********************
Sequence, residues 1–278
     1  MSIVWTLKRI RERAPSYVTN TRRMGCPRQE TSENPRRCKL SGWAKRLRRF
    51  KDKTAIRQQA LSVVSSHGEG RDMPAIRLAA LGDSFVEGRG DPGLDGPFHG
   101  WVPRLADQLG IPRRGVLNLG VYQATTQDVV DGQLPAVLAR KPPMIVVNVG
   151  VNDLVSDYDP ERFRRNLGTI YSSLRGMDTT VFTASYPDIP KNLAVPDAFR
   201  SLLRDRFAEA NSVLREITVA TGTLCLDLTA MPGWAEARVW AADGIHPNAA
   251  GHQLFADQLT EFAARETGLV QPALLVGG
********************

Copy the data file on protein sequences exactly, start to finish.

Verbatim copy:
Sequence, residues 1–278
     1  MSIVWTLKRI RERAPSYVTN TRRMGCPRQE TSENPRRCKL SGWAKRLRRF
    51  KDKTAIRQQA LSVVSSHGEG RDMPAIRLAA LGDSFVEGRG DPGLDGPFHG
   101  WVPRLADQLG IPRRGVLNLG VYQATTQDVV DGQLPAVLAR KPPMIVVNVG
   151  VNDLVSDYDP ERFRRNLGTI YSSLRGMDTT VFTASYPDIP KNLAVPDAFR
   201  SLLRDRFAEA NSVLREITVA TGTLCLDLTA MPGWAEARVW AADGIHPNAA
   251  GHQLFADQLT EFAARETGLV QPALLVGG